WISCONSIN 3RD CD. Longtime Rep. Ron Kind is retiring from a southwestern Wisconsin district that, just like the constituency it replaces, would have supported Trump 51-47, and at least four fellow Democrats have filed to succeed him. Kind is backing state Sen. Brad Pfaff, who is his former chief of staff. Two other Democratic contenders, former CIA officer Deb McGrath and businesswoman Rebecca Cooke, also brought in a notable amount of money through the end of March.
The only Republican is 2020 nominee Derrick Van Orden, whose 51-49 defeat was still the closest race of Kind’s congressional career. Months later, Van Orden used leftover campaign funds to attend the Jan. 6 insurrectionist rally in D.C., where, it appears, he went inside a restricted area on the Capitol grounds.
WISCONSIN ATTORNEY GENERAL. Three Republicans are competing to take on Democratic Attorney General Josh Kaul. The most full-throated election denier is Karen Mueller, who founded a conservative legal organization and has declared that “the 2020 presidential election results must be decertified to restore the integrity and transparency of Wisconsin’s future elections.” Former state Rep. Adam Jarchow and Fond du Lac County District Attorney Eric Toney, writes NBC, “haven’t denied the results of the 2020 election.”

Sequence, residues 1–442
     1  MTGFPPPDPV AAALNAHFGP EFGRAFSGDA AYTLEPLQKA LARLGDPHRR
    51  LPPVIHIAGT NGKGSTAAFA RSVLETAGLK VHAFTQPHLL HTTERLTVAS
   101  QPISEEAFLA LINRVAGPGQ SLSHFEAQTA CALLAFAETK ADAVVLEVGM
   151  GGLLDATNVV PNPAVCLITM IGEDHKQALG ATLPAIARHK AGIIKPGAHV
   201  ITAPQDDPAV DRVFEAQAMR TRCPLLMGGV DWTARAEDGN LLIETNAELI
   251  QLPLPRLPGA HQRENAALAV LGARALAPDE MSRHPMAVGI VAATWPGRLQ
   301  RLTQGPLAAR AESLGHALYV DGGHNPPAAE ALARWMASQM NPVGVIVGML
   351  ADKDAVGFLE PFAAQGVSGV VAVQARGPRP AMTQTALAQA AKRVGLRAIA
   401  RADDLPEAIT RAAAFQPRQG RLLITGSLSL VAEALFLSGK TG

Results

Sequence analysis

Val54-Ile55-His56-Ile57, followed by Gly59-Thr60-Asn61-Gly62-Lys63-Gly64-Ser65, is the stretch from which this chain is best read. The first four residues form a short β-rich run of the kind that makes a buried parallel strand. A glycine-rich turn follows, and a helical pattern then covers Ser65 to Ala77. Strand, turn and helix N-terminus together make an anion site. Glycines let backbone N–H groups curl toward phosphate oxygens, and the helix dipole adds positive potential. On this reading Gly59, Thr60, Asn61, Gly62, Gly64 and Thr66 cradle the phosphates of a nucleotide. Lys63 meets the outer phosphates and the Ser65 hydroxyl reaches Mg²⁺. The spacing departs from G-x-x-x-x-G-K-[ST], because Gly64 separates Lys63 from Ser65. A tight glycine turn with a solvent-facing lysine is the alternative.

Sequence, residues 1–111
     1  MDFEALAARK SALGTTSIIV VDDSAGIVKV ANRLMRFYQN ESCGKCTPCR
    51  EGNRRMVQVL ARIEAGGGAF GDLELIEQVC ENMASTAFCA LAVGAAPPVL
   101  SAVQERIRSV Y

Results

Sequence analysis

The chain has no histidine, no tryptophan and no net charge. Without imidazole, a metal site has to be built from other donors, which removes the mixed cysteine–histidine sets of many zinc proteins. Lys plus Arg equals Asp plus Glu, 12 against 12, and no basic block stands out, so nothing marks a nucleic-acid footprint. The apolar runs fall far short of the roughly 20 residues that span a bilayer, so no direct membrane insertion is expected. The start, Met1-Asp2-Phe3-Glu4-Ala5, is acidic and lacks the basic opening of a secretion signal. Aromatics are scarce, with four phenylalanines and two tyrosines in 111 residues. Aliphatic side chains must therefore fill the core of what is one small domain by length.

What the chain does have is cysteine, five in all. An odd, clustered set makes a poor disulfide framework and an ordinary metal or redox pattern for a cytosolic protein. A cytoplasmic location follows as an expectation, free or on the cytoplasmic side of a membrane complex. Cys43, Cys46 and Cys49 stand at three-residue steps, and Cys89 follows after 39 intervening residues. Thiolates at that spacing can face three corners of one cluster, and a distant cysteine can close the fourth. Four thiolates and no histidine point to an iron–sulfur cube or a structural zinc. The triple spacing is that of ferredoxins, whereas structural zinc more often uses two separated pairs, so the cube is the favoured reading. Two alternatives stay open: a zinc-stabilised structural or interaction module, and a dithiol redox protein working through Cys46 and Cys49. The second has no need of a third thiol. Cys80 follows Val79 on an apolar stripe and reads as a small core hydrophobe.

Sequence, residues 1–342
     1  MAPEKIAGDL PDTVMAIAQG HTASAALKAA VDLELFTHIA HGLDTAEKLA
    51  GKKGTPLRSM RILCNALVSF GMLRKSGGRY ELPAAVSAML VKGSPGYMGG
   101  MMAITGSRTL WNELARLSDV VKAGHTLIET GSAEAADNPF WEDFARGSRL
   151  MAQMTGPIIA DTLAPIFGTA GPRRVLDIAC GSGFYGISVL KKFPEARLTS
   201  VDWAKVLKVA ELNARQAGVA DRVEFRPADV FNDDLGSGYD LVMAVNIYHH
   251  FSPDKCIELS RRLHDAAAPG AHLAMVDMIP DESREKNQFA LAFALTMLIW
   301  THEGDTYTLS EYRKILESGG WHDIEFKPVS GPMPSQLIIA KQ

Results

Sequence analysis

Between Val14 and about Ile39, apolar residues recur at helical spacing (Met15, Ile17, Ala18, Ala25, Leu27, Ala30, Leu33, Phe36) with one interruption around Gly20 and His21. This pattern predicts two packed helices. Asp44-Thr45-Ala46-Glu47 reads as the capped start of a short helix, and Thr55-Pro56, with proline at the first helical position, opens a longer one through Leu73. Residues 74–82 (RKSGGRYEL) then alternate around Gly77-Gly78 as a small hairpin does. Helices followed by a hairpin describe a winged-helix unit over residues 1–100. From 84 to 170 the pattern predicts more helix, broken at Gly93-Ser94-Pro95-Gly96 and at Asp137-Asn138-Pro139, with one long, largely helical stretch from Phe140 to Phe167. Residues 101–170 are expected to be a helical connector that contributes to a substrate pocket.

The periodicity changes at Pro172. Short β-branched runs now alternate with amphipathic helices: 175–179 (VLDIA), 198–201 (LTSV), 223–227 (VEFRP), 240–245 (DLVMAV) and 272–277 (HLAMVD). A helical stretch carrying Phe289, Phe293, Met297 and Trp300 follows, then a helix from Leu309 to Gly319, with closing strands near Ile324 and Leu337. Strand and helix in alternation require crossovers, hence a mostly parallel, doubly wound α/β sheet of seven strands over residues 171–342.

Washington Post: “About a third of the way through the 2022 primaries, voters have nominated scores of Republican candidates for state and federal office who say the 2020 election was rigged.”
“District by district, state by state, voters in places that cast ballots through the end of May have chosen at least 108 candidates for statewide office or Congress who have repeated Trump’s lies. The number jumps to at least 149 winning candidates — out of more than 170 races — when it includes those who have campaigned on a platform of tightening voting rules or more stringently enforcing those already on the books, despite the lack of evidence of widespread fraud.”